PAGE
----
|Publication number||US2057181 A|
|Publication date||Oct 13, 1936|
|Filing date||Oct 31, 1933|
|Priority date||Oct 31, 1933|
|Publication number||US 2057181 A, US 2057181A, US-A-2057181, US2057181 A, US2057181A|
|Inventors||Nathan P Bloom|
|Original Assignee||Nathan P Bloom|
|Export Citation||BiBTeX, EndNote, RefMan|
|Referenced by (3), Classifications (11)|
|External Links: USPTO, USPTO Assignment, Espacenet|
Oct. 13, 1936. N. P. BLooM 2,057,181
CARPET SWEEPER HOUSING AND HNDLE Filed OClZ. 31, 1933 Patented Oct. 13, 1936 UNITED STATES PATENT OFFICE 2,057,181- lomu'nrr SWEEPER HosING AND HANDLE Nathan P. Bloom, Louisville, Ky. Application October 31, 1933, Serial No. 696,111
This invention relates to improvements in hand operated carpet sweepers and has more particular reference to an advanced means for attaching the operating handle to the sweeper housing.
The principal object of this invention is to eliminate the conventional objectionable everinterfering and now unnecessary bail or yoke and its associated exterior bearings and trap-pings.
Another object is to provide improved means for balancing the outboard .weight of the operat ing handle and to simultaneously provide a steadying spring pressure from the handle to the housing.
A further object is to interiorly locate the necessary associated members for balancing the operating handle instead of the conventional external equipment which has uniformly proven to be objectionable.
A still further object is to co-ordinate related 20 parts into sub-assemblies to expedite manufacture and to provide efficient and simple means for service when necessary.
Other objects and advantages of my novel structure and combinations are hereinafter set forth in detail and will be apparent to persons skilled in the carpet sweeper art, to their advantages insofar as they are patentably novel, I will claim the same as hereinafter set forth.
Drawing Figure 1 is a fragmentary plan View of the central section of the carpet sweeper housing which primarily depicts the top trim plate. The subsequent drawing is on a larger scale. Fig. 2 is a side elevational view of the trim plate and its companion interiorly disposed member designated as a saddle plate. This figure shows a central section removed to disclose their assembled mechanical relations to each other; also a cross section of the handle shaft which extends through the side walls of each plate and further a portion of the operating handle and other co-related parts which are dealt with hereinafter. Fig. 3 is a side elevational view of the trim plate. Fig. 4 is a side elevational View of the saddle plate. Fig. 5 is a cross sectional view of a portion of the full length of the sweeper housing as seen from the line 5, 5 in Fig. 1 and is arranged to disclose the handle shaft and its central section which is cut away to show one method of attaching the operating handle to same.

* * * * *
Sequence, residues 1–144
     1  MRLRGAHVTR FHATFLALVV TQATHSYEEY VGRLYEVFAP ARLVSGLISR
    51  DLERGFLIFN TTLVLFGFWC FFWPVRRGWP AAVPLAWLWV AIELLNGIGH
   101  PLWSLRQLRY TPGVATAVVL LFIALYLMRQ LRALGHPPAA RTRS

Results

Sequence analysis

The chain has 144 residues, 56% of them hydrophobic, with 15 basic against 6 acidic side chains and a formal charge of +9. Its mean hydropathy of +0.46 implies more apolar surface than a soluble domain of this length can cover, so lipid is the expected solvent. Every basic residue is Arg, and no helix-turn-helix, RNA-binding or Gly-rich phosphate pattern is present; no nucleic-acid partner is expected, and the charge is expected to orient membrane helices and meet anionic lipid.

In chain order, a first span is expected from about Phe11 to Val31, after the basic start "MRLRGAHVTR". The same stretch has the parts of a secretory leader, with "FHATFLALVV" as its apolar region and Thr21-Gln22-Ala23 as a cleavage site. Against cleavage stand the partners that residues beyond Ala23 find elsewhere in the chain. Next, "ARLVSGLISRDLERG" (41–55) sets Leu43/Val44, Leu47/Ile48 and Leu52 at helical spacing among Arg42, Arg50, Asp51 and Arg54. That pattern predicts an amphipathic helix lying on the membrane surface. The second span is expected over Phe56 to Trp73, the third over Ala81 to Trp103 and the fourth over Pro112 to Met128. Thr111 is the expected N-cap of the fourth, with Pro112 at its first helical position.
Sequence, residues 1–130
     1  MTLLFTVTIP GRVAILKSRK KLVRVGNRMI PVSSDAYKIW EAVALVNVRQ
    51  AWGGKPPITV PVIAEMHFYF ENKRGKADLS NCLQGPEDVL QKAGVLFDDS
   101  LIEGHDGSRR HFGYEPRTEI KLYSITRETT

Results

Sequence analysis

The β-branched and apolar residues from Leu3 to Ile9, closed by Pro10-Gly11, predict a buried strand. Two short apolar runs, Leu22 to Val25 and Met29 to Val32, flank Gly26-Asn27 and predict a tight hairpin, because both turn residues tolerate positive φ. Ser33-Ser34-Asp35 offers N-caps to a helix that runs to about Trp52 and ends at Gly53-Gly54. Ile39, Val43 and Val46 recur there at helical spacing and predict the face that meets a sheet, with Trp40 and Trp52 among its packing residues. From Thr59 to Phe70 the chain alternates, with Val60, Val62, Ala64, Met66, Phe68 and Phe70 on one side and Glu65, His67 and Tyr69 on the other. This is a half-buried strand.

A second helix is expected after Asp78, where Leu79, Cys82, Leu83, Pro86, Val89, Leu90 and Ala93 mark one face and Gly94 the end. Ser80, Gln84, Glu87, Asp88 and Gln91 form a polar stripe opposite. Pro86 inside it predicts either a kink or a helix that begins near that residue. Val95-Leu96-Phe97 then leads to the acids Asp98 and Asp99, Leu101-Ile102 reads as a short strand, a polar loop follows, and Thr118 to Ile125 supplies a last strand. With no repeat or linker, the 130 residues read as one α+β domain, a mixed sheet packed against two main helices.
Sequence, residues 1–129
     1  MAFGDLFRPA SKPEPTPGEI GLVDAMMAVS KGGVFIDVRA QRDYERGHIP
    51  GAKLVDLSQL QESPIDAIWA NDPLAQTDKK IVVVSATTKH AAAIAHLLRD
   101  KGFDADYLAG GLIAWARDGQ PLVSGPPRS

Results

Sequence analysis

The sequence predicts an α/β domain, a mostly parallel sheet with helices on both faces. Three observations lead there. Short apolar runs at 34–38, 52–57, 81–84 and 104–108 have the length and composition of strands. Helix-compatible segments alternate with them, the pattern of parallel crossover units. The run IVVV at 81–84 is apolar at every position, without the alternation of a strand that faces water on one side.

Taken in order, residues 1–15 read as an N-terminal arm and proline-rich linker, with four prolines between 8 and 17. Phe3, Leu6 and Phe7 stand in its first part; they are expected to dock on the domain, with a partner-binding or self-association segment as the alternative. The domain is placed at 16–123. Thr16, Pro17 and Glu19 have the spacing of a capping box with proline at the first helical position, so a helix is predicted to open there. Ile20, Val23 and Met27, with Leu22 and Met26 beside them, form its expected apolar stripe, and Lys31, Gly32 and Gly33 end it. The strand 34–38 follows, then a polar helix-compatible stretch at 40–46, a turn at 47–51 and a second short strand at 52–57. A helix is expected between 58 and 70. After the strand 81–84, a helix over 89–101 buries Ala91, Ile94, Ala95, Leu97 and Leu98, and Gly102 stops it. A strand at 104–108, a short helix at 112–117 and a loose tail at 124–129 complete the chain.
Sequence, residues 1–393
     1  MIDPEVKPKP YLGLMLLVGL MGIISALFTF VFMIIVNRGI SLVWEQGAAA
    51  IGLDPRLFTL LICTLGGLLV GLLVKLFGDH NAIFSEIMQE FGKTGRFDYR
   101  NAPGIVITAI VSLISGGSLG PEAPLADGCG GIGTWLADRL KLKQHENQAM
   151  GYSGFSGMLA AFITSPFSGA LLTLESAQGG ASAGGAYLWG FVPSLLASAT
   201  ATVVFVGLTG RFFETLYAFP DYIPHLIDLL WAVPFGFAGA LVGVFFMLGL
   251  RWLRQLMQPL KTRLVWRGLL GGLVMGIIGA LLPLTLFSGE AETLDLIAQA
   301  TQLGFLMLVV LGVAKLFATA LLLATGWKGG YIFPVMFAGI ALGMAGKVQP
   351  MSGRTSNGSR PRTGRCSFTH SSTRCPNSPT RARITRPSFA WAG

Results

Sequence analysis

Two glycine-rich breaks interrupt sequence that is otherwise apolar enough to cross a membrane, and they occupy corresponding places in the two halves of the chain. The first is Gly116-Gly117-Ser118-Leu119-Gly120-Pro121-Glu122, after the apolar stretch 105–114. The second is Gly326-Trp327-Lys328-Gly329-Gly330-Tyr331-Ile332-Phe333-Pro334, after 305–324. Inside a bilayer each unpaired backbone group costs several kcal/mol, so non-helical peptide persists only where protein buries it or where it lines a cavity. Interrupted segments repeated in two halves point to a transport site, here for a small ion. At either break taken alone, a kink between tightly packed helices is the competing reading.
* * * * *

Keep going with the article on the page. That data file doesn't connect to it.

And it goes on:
Structure Numeral I0 indicates an arched stamping and 55 is termed the trim plate. It is equipped with a channel or well Illa throughout almost its entire u length and a series of decorative lines Illb` on its face B. These are parallel to the well andy terminate in marginal corners. As indicated in Figs. 1 and -5 this plate closes a transverse opening in the arched top II of the housing and it is secured to the sloping dust compartment members'I2 by means of bolts I3 which also incidentally similarly secure saddle I4 and the outer vends of handle balancing springs I5c, the latter being completely enclosed within the dust compartment. The relation and assembly of these parts are shown in Fig. 2 while Fig. 5 shows how the central section of the saddle embraces the handleshaft I 5 which is located in the dust compartment and is journaledinbearings II,V fixed into end walls I'I of the sweeper housing.
1 lShaft I5 is cross drilled to receive operating or propelling handle I8, handle positioning lug I9 and a rod, the diametrically disposed ends of which form handle balancing spring arms I5a, I5b to which are pivotally attached the inner ends of springs I5c which are bent to a 90 angle for engagement therewith.
In Figs. 2 and 5 handle I8 is shown in full lines to be arrested in the vertical position by rounded lug I9 engaging and straining the arched hollow spring Illa which is secured to saddle I4 by rivet Mb. As the handle is moved to other positions, this lug cams its way from spring I4 while on the return, the reverse procedure takes place and results in a lai-,ching action which holds the handle in a yielding vertical position. Again as the operating handle travels away from the vertical position counterbalancing springs I5c function to prevent the outboard weight of the handle from falling in response to gravity. The result is a balancing action by reason of force being transmitted to and from these springs through shaft I5 and arms I5a, I5b. Handle I8 is also Shown in a dotted position disposed at 90 from the vertical, the lug I9 and arms I5a, I5b together with the inner ends of the springs I5c are also shown by dotted lines in the position which they will be forced to assume when the handle has been displaced to the horizontal.